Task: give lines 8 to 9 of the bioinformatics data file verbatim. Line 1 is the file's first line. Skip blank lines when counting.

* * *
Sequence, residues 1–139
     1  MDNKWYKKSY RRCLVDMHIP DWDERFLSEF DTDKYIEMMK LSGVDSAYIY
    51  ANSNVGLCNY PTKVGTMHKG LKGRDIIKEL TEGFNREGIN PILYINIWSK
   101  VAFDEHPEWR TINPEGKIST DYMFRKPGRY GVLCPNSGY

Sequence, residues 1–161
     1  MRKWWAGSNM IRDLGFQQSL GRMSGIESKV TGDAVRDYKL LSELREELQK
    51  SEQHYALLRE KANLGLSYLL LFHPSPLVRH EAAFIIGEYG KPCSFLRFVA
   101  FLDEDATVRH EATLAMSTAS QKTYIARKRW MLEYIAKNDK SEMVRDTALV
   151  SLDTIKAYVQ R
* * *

   101  FLDEDATVRH EATLAMSTAS QKTYIARKRW MLEYIAKNDK SEMVRDTALV
   151  SLDTIKAYVQ R